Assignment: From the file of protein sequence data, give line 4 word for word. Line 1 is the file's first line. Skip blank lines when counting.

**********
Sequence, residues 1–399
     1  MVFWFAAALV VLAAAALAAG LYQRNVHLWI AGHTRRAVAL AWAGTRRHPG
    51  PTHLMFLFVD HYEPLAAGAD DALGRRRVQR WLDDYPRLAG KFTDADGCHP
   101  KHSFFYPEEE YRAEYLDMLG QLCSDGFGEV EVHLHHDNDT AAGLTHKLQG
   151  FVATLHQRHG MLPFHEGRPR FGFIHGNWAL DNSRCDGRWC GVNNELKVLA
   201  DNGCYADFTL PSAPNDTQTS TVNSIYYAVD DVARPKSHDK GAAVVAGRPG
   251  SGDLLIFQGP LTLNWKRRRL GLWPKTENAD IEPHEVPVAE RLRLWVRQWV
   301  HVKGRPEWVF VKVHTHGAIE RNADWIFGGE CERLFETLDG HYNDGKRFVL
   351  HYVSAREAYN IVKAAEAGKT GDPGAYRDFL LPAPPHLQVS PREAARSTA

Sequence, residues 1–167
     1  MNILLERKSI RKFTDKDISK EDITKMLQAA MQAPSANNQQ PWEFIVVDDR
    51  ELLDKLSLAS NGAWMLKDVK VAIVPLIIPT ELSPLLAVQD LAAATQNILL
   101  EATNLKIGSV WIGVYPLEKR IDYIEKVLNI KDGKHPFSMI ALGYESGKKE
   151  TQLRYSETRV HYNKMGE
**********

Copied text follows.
   101  KHSFFYPEEE YRAEYLDMLG QLCSDGFGEV EVHLHHDNDT AAGLTHKLQG